Women in the commercial real estate sector focus on compensation, location and workplace culture when searching for a new job.
That’s the finding of a survey of 400 women, ranging from entry-level staffers to senior managers, that was conducted jointly by two search firms — RETS Associates of Newport Beach, Calif., and Gillham, Golbeck & Associates of Dallas.
The inaugural survey was undertaken because real estate firms want to step up their efforts to recruit and retain female employees, said Rick Gillham of Gillham Golbeck. He noted that women are obtaining degrees in higher education and entering the workforce at a higher rate than males are. If companies aren’t making a concerted effort to recruit female candidates, “they are going to have a very small group to pick from,” Gillham said.
While women already make up roughly half of all professionals in commercial real estate, they are concentrated in “contractual” positions, such as property management and corporate services. In transaction-oriented jobs, including investments, brokerage and development, women hold 20% or less of the positions, according to Jana Turner of RETS. She said companies are especially interested in expanding the presence of women in those jobs.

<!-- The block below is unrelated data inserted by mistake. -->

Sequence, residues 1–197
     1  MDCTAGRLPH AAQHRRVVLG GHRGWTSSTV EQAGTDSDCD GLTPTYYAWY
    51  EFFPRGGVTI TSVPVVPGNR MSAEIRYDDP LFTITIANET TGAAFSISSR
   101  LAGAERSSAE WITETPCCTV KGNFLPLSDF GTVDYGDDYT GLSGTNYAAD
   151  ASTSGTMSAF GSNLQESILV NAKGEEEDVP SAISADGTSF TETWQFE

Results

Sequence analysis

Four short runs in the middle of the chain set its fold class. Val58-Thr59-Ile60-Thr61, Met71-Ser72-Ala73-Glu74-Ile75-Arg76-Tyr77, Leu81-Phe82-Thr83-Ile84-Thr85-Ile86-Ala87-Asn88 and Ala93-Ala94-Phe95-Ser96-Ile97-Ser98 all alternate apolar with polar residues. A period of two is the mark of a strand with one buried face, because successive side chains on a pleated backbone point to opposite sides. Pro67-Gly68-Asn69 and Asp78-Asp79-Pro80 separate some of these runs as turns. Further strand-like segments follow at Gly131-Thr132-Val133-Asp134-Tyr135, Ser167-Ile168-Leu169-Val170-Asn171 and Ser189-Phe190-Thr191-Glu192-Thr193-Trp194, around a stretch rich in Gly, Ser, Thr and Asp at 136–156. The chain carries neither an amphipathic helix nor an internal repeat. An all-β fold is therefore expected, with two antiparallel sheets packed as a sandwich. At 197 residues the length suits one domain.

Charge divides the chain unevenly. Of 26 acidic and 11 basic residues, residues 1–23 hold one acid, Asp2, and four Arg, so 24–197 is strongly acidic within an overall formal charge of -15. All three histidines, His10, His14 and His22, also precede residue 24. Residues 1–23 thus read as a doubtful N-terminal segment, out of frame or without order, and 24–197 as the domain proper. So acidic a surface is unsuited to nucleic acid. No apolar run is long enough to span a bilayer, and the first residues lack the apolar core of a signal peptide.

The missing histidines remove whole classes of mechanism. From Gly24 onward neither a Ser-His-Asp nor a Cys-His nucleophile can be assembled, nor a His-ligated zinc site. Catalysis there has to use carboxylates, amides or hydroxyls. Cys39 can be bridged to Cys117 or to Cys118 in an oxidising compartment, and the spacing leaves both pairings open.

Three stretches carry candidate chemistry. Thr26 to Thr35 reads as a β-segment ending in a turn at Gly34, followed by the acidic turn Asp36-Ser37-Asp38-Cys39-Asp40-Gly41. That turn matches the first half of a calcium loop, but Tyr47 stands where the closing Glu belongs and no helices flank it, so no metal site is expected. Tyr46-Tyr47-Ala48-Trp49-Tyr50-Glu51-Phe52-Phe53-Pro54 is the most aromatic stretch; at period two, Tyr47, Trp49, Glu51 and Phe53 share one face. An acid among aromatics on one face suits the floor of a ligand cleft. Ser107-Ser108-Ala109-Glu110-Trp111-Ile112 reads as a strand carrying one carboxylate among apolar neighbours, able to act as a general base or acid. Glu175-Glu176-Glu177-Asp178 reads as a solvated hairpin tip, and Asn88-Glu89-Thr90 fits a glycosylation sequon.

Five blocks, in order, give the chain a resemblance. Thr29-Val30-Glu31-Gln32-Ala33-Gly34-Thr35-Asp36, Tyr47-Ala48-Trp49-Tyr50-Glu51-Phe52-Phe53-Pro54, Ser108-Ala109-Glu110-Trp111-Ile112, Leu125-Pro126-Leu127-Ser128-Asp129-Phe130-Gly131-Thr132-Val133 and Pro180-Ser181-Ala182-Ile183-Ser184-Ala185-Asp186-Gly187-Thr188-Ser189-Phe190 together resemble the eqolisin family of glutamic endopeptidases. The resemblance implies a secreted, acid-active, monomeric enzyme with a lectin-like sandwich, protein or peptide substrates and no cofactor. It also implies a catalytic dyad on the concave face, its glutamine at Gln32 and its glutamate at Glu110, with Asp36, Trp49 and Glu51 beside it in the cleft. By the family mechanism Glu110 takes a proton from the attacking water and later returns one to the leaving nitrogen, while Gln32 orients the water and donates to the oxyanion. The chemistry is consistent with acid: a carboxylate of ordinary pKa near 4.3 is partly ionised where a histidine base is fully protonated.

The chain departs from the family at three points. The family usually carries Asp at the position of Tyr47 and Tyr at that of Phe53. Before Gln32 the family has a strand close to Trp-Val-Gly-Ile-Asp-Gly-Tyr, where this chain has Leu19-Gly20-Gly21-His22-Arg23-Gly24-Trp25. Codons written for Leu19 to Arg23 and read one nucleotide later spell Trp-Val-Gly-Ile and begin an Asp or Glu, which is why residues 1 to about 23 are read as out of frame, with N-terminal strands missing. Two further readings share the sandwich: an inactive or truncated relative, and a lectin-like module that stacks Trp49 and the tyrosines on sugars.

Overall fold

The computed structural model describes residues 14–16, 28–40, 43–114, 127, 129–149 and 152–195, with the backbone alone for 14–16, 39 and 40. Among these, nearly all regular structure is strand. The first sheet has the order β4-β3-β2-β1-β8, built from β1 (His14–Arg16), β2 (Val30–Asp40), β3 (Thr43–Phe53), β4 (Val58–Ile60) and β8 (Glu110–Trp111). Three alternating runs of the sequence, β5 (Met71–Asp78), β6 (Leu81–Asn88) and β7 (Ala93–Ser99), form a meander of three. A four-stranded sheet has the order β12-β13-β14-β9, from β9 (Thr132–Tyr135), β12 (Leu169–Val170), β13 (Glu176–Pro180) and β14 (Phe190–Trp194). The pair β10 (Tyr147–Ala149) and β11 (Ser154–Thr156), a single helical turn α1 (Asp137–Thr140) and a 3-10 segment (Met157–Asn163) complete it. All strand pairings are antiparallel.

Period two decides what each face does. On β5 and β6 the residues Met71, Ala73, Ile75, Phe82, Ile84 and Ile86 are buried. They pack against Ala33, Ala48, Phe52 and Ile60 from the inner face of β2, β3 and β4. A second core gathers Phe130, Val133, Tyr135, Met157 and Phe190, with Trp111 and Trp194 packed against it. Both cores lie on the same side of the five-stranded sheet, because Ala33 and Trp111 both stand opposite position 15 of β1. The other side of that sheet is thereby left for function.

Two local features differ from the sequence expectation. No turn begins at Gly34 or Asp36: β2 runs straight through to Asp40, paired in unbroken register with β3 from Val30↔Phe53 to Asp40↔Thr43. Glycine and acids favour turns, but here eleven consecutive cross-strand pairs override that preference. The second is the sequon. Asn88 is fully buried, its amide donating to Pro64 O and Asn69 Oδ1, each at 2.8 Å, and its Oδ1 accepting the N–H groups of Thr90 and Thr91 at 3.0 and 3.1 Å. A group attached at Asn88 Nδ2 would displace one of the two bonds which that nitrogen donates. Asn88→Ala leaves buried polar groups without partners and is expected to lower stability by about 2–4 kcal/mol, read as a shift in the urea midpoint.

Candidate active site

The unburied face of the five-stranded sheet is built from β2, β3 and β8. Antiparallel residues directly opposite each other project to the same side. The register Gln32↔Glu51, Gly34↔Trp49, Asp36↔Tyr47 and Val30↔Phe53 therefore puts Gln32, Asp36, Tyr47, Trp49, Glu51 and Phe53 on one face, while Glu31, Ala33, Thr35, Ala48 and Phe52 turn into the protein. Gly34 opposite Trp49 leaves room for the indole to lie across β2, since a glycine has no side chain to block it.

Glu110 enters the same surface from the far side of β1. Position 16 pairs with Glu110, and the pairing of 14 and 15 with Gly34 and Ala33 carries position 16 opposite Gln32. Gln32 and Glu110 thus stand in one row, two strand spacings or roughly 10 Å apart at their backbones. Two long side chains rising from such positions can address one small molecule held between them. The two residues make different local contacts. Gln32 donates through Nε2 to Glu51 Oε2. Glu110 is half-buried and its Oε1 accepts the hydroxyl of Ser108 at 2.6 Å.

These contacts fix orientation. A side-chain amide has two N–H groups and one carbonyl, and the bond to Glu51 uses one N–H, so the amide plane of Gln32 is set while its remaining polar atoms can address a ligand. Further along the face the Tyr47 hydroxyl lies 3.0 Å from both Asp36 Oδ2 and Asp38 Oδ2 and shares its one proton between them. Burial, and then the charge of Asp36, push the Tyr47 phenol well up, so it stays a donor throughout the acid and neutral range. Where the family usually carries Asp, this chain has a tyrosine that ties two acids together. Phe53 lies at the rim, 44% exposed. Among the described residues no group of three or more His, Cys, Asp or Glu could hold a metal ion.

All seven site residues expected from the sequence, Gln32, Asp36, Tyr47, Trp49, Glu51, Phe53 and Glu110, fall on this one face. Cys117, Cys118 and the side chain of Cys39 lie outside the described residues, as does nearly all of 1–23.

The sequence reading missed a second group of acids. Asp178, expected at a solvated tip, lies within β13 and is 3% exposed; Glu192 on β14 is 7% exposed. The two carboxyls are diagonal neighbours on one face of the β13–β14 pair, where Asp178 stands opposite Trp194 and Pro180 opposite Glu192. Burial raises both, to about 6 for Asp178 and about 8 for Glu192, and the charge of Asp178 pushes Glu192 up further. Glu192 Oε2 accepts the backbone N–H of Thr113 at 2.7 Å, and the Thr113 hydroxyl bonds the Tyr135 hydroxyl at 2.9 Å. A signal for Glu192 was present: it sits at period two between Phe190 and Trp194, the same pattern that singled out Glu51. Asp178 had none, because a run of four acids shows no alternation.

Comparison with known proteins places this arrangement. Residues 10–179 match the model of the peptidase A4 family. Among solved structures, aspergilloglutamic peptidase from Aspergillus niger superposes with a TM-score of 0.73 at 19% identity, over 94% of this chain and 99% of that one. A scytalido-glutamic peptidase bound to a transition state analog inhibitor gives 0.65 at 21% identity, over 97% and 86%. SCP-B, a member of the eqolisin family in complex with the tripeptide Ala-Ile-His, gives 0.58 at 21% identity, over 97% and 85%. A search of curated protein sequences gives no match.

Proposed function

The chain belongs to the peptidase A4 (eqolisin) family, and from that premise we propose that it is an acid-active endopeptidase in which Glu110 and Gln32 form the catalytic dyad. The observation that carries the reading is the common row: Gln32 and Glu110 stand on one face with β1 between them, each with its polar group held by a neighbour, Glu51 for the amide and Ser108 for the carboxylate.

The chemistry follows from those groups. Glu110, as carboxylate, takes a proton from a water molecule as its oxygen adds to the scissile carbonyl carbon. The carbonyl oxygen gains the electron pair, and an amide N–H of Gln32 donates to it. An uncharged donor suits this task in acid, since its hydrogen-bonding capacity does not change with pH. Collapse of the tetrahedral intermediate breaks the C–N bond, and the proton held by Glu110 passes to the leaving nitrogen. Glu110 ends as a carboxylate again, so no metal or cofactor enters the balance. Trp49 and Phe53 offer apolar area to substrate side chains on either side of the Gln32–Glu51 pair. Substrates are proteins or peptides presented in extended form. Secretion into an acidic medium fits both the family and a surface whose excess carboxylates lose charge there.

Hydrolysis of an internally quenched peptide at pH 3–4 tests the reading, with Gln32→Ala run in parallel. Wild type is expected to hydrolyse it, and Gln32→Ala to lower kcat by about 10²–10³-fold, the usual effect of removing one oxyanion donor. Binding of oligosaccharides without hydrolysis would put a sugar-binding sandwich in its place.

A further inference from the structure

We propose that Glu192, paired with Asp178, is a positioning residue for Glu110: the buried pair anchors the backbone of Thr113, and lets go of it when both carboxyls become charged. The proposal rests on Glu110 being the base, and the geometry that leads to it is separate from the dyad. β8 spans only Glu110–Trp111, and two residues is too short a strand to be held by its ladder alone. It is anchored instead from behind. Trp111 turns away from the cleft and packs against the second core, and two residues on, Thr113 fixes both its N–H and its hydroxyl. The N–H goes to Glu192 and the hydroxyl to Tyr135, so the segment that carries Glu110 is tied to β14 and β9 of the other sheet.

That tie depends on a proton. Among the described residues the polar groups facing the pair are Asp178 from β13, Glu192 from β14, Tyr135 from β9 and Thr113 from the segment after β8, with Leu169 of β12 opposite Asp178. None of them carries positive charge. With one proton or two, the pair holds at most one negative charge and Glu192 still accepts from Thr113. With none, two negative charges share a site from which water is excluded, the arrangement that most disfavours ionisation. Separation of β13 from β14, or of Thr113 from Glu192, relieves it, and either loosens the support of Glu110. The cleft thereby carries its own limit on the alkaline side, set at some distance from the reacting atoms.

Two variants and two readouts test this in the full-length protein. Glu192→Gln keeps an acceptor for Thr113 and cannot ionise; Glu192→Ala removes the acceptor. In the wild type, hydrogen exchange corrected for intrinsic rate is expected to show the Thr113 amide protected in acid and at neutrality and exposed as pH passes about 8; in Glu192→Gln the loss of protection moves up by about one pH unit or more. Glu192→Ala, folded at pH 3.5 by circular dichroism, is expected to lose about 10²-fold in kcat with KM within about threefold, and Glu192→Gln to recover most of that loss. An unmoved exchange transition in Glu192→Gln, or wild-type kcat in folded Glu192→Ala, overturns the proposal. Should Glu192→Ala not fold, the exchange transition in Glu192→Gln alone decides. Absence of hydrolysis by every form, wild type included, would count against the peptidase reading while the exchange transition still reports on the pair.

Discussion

Respondents were asked to rank their priorities when considering new posts. While compensation ranked first, the sponsors highlighted that workplace culture was almost on par with a position’s location as the next-highest priority.
Workplace culture encompasses a range of factors, including the working environment, the availability of flexible hours and clear paths for development and advancement.
“Candidates are really scrutinizing the environment before they leap,” Turner said. “Companies really have to look very hard internally to create an environment that is more inclusive.”
RETS and Gillham Golbeck plan to conduct the survey annually. It’s called the “Women in Commercial Real Estate Recruiting and Retention Study.”